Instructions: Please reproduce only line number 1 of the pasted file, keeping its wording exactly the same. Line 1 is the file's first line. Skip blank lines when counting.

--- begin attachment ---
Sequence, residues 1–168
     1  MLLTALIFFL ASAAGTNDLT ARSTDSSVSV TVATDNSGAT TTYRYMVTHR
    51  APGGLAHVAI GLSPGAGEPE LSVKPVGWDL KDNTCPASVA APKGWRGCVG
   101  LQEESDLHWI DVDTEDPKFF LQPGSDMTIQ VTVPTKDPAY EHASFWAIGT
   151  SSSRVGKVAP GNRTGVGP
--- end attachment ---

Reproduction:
Sequence, residues 1–168